A brief disclaimer: As I discuss my thoughts about Le Morte d’Arthur, I will be using the orthography that the book uses, which in some cases, may differ from more well-known spellings.
The legacy of King Arthur and the Knights of the Round Table is ubiquitous in Western culture, from popular culture to symbols of national identity. Most people have heard some form of the stories, and the names Gwynevere, Sir Launcelot, Merlin and King Arthur are cognizant by young school children and scholars alike.
Due to its omnipotence, it is difficult to pinpoint where the version of the Arthurian legends I was familiar with (prior to reading Le Morte d’Arthur) came from. The stories are so entrenched in our consciousness that I feel as if we know them, as we know words we understand, but don’t remember learning. We know the greatness of Sir Launcelot and his passion for Queen Gwynevere, and their betrayal of King Arthur, which led to King Arthur’s downfall, and the collapse of the kingdom. Perhaps less of us know the roles Sir Gawain, Sir Percivale or Sir Gareth played in the stories, but their names are familiar and we associate them with a time of quests and chivalry, long past.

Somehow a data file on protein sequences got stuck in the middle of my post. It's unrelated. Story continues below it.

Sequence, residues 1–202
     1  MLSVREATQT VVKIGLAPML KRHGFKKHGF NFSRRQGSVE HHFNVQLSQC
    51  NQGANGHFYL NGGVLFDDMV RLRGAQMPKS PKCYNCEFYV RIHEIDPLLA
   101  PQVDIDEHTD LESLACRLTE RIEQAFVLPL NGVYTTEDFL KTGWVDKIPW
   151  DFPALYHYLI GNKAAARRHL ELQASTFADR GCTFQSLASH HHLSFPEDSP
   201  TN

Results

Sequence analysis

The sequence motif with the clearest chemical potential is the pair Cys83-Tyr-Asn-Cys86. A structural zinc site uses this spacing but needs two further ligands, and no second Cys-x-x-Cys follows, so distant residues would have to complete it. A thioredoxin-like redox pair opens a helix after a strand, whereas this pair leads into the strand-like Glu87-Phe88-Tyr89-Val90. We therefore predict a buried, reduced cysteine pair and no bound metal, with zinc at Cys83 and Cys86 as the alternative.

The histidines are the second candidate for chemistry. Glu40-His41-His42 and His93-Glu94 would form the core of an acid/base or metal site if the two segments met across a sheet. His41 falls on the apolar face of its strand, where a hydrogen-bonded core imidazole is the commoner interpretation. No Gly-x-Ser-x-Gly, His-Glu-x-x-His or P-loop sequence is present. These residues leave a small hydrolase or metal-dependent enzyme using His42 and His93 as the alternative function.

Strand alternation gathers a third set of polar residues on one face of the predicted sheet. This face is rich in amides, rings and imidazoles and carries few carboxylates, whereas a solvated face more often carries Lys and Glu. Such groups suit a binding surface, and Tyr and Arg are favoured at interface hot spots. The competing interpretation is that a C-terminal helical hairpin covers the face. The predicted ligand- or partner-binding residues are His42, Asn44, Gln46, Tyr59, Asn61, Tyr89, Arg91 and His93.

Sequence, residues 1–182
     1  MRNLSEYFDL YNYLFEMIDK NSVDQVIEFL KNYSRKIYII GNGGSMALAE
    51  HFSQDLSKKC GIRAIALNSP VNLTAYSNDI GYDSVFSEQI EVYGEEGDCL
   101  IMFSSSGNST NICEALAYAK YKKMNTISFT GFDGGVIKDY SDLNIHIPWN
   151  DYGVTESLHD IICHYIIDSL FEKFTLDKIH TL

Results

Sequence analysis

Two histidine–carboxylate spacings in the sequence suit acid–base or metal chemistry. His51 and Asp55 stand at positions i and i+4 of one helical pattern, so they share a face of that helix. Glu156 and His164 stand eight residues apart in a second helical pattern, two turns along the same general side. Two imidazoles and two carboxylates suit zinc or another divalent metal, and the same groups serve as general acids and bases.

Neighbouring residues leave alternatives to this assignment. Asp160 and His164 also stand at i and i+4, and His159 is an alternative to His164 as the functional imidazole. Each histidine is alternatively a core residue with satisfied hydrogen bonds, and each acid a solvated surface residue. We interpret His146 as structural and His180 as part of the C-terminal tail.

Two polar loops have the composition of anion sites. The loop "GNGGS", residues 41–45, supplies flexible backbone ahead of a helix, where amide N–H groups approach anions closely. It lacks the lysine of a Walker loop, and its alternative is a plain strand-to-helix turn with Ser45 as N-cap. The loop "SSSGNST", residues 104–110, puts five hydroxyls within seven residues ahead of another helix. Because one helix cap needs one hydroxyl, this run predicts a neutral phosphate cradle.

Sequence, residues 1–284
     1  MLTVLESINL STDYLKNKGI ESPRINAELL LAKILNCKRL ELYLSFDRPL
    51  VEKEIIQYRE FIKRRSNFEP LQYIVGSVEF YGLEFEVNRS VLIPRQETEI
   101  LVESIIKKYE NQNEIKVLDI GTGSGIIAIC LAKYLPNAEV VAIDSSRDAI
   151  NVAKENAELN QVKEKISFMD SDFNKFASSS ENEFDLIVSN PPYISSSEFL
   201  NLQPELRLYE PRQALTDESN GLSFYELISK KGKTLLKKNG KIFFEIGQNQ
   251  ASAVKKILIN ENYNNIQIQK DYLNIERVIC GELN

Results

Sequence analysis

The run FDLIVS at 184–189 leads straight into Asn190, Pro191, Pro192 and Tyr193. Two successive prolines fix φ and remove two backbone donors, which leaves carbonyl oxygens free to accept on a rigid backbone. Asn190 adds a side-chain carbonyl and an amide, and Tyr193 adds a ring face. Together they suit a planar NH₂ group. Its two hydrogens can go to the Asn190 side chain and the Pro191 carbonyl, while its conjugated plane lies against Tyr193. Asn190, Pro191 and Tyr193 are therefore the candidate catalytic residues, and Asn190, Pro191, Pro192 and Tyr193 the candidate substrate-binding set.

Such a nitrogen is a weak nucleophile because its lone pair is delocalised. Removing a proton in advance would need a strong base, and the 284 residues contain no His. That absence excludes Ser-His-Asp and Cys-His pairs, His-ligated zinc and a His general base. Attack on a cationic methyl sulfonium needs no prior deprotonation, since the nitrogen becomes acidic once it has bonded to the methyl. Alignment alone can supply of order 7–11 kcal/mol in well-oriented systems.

Le Morte d’Arthur is only one version of numerous retellings of the legends, but it is possibly the most well-known. It contains the familiar tales of Tristram and Iseult, the quest for the Sangreale, Gwynevere and Launcelot, the death of King Arthur (as you may have known from the title) and other stories about various Knights of the Round Table and their adventures.